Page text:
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Brain Imaging, Image Reconstruction Combine in a Single Workflow

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Scientists at Institute of Science and Technology Austria (ISTA) have developed an imaging technology to analyze live brain tissue at a scope and spatial resolution that, according to the researchers, was not previously possible.

The technology, called Live Information Optimized Nanoscopy Enabling Saturated Segmentation (LIONESS), integrates optical methods and deep learning to allow dense, 4D, nanoscale reconstruction of living brain tissue. LIONESS images and reconstructs the sample in a way that clarifies many dynamic structures and functions in the live tissue. The method unites live imaging with nanoscale reconstruction, extending tissue analysis with information on morphological dynamics, molecular identities, and neuronal activity.

By helping to decode tissue architecture in the living brain and potentially in other organs, LIONESS could provide insight into the extent and significance of plasticity in the central nervous system.

Existing brain imaging technologies are limited in their ability to reconstruct living brain tissue, in 3D, all the way down to the single-synapse level. Light microscopy is hindered by insufficient 3D resolution, inadequate signal-to-noise ratio, and a prohibitive light burden. Although electron microscopy can capture images at nanometer-scale resolution, it is inherently static, requiring the sample to be fixed in one biological state.

To remove these restraints, the researchers turned to stimulated emission depletion (STED) microscopy; they applied dye molecules to the spaces around sample cells and used STED to reveal the superresolved shadows of the cellular structures. Superresolution shadow imaging, where the use of extracellularly applied fluorophores reveals cellular structures and arrangements, enabled the researchers to visualize these structures in the tissue.

However, increased resolution comes with a high load of imaging light on the sample, which can damage living tissue. This factor, along with optical imperfections that can cause progressive signal loss at higher resolution, limited 3D resolution and signal-to-noise ratio and interfered with the researchers’ goal of imaging brain tissue at a resolution that matched the actual architecture of brain tissue.

By coupling STED with a two-stage deep learning strategy, the researchers enabled LIONESS to provide isotropic, superresolution imaging while keeping the sample alive. The first level of deep learning enhances the image quality, and the second identifies the different cellular structures in the dense neuronal environment.

The Danzl group and collaborators photographed under ISTA’s new Michael Gröller Bridge. Courtesy of Peter Rigaud/ISTA.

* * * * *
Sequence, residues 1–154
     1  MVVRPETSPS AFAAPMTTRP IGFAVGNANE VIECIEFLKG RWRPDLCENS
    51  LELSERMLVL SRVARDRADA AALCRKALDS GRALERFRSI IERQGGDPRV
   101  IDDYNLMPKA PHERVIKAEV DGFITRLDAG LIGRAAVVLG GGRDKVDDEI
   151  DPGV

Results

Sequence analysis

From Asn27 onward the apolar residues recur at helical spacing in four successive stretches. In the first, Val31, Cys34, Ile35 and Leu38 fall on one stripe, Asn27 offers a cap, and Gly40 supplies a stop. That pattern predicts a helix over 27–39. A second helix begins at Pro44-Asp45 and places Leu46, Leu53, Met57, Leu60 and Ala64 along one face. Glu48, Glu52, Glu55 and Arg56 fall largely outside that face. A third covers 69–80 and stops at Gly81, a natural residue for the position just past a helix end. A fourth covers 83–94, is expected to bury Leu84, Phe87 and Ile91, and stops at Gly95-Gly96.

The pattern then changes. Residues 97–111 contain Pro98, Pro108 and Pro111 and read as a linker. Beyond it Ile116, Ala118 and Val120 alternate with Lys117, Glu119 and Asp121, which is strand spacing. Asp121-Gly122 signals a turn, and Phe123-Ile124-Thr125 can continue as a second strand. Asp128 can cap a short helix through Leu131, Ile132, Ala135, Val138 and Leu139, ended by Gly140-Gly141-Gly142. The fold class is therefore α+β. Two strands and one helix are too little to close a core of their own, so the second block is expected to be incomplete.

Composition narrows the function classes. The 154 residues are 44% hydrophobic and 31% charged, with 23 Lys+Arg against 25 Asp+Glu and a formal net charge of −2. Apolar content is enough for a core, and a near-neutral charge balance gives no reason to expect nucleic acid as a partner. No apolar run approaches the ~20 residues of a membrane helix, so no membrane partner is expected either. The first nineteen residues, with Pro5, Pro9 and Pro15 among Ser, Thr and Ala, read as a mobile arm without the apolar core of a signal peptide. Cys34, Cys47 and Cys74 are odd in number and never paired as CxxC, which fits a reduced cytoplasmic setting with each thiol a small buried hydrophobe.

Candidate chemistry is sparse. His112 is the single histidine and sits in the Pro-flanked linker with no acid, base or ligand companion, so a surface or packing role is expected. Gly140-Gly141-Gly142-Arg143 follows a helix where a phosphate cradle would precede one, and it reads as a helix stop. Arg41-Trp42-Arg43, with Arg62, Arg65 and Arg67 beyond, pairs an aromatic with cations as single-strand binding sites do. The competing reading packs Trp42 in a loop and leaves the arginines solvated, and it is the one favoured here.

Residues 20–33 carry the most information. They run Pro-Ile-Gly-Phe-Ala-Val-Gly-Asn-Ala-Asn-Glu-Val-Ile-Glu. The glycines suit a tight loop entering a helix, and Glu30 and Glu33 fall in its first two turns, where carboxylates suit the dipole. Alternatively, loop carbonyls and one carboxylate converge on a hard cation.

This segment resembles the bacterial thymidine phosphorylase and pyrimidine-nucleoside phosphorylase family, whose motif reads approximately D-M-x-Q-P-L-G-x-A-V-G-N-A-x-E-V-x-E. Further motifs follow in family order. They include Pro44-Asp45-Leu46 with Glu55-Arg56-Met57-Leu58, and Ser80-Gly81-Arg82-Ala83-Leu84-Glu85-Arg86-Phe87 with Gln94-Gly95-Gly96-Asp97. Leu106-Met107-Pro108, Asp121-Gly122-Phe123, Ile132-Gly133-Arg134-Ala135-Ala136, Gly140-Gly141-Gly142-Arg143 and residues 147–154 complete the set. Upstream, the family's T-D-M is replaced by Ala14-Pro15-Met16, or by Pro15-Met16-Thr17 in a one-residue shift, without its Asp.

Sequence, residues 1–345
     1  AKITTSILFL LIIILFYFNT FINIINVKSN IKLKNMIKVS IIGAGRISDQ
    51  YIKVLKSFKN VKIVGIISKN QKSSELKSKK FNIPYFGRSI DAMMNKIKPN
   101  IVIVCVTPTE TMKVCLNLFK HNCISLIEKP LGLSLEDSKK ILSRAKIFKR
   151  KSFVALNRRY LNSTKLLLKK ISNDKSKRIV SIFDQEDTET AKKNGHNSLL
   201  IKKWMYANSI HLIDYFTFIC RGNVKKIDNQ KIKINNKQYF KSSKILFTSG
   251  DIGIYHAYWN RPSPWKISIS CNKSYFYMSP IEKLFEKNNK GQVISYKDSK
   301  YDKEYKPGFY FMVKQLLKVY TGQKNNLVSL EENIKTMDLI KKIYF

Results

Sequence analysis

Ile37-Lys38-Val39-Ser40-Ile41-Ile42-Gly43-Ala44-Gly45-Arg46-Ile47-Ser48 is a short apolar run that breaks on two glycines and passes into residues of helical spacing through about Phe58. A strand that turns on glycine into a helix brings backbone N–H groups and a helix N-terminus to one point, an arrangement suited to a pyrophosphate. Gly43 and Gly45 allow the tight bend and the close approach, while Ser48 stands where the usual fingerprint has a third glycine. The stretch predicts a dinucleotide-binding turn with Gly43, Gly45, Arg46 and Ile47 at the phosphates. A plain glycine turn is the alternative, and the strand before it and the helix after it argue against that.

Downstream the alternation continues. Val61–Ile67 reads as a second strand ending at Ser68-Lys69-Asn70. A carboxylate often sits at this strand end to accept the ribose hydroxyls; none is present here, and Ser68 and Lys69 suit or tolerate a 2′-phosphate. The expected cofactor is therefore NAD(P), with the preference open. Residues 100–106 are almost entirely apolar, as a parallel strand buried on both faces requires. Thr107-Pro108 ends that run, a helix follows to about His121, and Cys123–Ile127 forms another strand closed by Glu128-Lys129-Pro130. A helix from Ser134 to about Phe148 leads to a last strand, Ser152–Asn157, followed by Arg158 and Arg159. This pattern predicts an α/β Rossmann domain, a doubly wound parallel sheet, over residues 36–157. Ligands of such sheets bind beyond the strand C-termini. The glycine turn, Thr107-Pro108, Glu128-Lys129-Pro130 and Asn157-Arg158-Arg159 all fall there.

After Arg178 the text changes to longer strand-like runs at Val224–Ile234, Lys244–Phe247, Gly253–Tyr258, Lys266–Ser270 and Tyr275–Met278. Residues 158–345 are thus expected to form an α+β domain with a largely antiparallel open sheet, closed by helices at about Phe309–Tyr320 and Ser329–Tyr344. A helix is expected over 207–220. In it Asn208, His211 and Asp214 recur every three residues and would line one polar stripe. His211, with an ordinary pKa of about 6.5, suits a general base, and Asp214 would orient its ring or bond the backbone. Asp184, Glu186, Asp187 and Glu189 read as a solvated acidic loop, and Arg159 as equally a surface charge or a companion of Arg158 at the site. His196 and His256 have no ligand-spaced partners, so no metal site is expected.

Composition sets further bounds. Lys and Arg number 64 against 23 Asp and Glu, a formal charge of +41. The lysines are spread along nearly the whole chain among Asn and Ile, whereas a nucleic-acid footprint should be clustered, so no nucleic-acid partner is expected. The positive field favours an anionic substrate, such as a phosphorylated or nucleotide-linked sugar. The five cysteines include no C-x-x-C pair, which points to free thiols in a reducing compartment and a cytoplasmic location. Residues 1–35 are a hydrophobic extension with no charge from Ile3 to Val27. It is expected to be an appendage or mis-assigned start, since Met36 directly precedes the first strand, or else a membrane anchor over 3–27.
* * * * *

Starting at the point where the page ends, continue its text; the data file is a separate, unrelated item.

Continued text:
The Danzl group and collaborators photographed under ISTA’s new Michael Gröller Bridge. Courtesy of Peter Rigaud/ISTA.
During imaging, LIONESS collects only as much information from the sample as needed. This is followed by the first deep learning step, which serves to fill in additional information on the brain tissue’s structure using image restoration.

LIONESS leverages information on sample structure from separate, previous measurements to reduce the light burden and imaging time without sacrificing resolution. This allows LIONESS to achieve a resolution of about 130 nm, while remaining gentle enough for imaging living brain tissue in real time.

During the second deep learning step, LIONESS interprets the complex imaging data and identifies the neuronal structures. Volumetric, live-imaging data is translated into nanoscale-resolved instance segmentations. From live tissue STED, to restoration network training, to segmentation network training, to analysis, LIONESS provides a pipeline to reconstruct live brain tissue.

“With LIONESS, for the first time, it is possible to get comprehensive, dense reconstruction of living brain tissue,” researcher Philipp Velicky said. By imaging the tissue multiple times, he said, the newly developed method allows users to observe and measure the dynamic cellular biology in the brain take its course. The output is delivered as a reconstructed image of the cellular arrangements in three dimensions, with time making up the fourth dimension, since the sample can be imaged over minutes, hours, or days, according to Velicky.

By revealing subcellular structures and capturing how these may change over time, the tool developed at ISTA could provide valuable insight into the functional architecture of brain tissue — and potentially other organs as well.

The research was published in Nature Methods (

Sep/Oct 2023
In optical character recognition, the method of dividing a string of characters into separate, distinct characters.
imagingbrainbrain imaginglive brain imagingBiophotonicsendoscopynanoscopyMicroscopySTED microscopyAIdeep learningEuropeResearch & Technologyeducationsegmentationimage segmentationimage reconstructionimage reconstruction algorithmsInstitute of Science and Technology Austriasuperresolutionsuperresolution STED microscopysuperresolution imagingBioScan

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